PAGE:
Last year’s return of the Verizon IndyCar Series to Watkins Glen International showcased ridiculous speed for the Chevrolet and Honda-powered cars. Trying to translate that beyond the cockpit is a tough task.
But consider on the repave of the 3.37-mile permanent road course in upstate New York, in the Finger Lakes region, average lap speeds – again, on a road course – were well north of 140 mph, and the slowest point around the track was just under 100 mph.
Sunday’s INDYCAR Grand Prix at The Glen (1 p.m. ET, NBCSN) may only be 60 laps but it’s incredibly high on commitment and sheer speed.
“I thought about that leaving the test. How do we translate that to fans?” Ryan Hunter-Reay, driver of the No. 28 DHL Honda for Andretti Autosport, told NBC Sports.
“The workload is insane. The amount of commitment that you do going into a corner, Turn 5, we’re pulling over 3.5 G’s on a road course – which is freaking huge! You’re going in thinking it’s not right, and it’s still not right when you reach the Bus Stop.
“I won there in ’08 and it was an actual Bus Stop, it was a proper chicane. Now you barely break, you can barely see, you hit the curbs, your hair is on fire, and you’re swatting flies in the cockpit. By time you react you’re into the fifth gear right hander. It’s a lot of fun, with absolutely huge commitment. It’s probably the most commitment you have on a road course.”
Other drivers have extolled the speed and commitment required to this track, as well.
“The Glen to me is the best road course in North America, and I cannot wait to return to its flowing, high-speed and undulating bends this weekend,” said Max Chilton, driver of the No. 8 Gallagher Chip Ganassi Racing Honda, who’s an unabashed fan of the track.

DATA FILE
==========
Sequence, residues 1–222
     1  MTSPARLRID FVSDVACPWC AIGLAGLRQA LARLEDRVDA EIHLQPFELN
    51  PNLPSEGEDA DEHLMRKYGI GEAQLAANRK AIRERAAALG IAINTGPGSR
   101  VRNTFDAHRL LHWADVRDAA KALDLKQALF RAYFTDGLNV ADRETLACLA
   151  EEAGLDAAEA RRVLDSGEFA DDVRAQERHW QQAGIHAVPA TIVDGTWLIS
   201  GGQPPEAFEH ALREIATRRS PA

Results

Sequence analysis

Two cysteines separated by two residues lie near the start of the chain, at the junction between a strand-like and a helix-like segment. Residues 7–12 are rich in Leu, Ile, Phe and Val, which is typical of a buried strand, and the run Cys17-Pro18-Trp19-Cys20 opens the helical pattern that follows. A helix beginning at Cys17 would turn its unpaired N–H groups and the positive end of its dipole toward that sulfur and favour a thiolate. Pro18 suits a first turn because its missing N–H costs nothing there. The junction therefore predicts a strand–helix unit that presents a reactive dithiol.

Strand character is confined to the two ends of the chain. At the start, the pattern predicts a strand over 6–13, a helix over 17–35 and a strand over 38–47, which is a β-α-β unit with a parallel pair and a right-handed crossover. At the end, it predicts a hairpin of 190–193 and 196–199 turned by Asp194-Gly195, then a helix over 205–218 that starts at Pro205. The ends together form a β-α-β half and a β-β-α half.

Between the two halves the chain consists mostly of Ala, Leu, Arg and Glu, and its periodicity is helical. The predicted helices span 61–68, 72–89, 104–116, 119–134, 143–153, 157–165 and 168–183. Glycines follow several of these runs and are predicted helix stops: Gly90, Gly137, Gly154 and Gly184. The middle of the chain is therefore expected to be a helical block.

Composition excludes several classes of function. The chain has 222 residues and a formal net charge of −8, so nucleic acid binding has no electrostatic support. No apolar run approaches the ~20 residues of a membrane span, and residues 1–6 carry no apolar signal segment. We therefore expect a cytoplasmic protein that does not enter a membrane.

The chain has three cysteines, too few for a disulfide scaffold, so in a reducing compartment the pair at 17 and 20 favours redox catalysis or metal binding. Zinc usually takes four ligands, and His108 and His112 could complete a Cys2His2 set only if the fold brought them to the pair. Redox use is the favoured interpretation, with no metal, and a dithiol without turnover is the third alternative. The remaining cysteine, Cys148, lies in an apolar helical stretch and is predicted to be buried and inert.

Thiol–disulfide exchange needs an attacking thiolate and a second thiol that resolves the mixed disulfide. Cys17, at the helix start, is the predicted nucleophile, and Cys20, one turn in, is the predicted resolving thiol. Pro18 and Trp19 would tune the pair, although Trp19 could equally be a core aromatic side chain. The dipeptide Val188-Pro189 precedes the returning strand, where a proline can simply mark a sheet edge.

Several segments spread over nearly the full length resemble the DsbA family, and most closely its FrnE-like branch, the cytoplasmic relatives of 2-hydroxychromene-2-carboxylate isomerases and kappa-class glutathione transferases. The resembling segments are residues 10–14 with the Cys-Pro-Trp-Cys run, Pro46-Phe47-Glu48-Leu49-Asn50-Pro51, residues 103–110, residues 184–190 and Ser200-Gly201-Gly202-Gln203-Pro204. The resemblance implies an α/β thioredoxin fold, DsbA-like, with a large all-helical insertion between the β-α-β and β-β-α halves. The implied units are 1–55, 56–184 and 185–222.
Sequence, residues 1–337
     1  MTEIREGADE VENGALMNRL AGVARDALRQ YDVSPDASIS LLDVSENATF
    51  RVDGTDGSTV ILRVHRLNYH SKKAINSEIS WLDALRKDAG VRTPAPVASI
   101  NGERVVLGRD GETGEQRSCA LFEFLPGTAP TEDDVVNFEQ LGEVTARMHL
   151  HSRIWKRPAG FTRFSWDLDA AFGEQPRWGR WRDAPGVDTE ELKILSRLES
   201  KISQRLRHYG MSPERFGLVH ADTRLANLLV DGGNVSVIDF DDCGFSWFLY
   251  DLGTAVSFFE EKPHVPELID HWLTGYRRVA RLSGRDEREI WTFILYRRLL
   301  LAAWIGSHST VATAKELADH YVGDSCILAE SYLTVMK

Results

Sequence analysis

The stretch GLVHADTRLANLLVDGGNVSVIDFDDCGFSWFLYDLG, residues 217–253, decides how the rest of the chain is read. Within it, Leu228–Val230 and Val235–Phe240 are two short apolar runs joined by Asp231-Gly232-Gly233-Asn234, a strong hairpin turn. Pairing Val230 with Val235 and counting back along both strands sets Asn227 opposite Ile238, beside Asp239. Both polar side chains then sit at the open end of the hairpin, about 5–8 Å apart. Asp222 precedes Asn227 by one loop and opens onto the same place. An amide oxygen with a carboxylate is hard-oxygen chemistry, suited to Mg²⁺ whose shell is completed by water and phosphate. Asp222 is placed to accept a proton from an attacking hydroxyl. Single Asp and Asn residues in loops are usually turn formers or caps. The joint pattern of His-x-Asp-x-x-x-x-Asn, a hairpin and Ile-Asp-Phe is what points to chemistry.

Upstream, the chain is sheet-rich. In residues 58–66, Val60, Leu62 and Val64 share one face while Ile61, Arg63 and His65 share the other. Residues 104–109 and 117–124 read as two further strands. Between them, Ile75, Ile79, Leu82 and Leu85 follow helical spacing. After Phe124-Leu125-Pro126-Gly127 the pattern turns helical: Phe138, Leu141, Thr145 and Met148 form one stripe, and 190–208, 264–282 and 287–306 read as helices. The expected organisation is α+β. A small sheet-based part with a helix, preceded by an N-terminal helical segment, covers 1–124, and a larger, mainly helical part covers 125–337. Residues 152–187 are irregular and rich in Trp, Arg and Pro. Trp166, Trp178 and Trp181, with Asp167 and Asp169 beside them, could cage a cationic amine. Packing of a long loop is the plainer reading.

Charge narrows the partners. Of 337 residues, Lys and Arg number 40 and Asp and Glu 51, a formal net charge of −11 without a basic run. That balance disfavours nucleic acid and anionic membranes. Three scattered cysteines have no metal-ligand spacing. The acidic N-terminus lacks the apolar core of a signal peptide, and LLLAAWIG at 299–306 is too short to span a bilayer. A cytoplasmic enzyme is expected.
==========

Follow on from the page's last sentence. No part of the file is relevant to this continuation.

“I think no one has ever said that Watkins Glen is an un-favorite track,” added Takuma Sato, driver of the No. 26 Andretti Autosport Honda. “We all love it! This awesome track has a beautiful series of flowing, high-speed corners with great elevation changes, and overtaking is very possible. It’s just a fantastic road course.”
“Watkins Glen is a beautiful track. It has great history in Indy car (racing). It has lots of grip which makes it very interesting and very fast,” summarized Simon Pagenaud, driver of the No. 1 Menards Team Penske Chevrolet, the defending series champion.
This year’s weekend will see IndyCar run alongside all three rungs of the Mazda Road to Indy presented by Cooper Tires for the final time, with the Pro Mazda and USF2000 making their returns to the track after extended absences. The Battery Tender Global MX-5 Cup presented by BFGoodrich Tires is also present, as is Robby Gordon’s Stadium SUPER Trucks series. That’ll mean four different types of rubber go down, same as a couple other circuits this year, with Firestone joined by the Cooper, BFGoodrich and Toyo rubber. How cars react following each previous session will be interesting to watch.